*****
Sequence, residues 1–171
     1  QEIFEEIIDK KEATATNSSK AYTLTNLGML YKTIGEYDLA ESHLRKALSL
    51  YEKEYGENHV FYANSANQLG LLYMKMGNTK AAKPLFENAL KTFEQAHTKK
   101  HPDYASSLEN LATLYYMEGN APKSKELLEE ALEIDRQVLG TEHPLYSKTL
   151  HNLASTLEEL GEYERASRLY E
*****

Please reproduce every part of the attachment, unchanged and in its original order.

Sequence, residues 1–171
     1  QEIFEEIIDK KEATATNSSK AYTLTNLGML YKTIGEYDLA ESHLRKALSL
    51  YEKEYGENHV FYANSANQLG LLYMKMGNTK AAKPLFENAL KTFEQAHTKK
   101  HPDYASSLEN LATLYYMEGN APKSKELLEE ALEIDRQVLG TEHPLYSKTL
   151  HNLASTLEEL GEYERASRLY E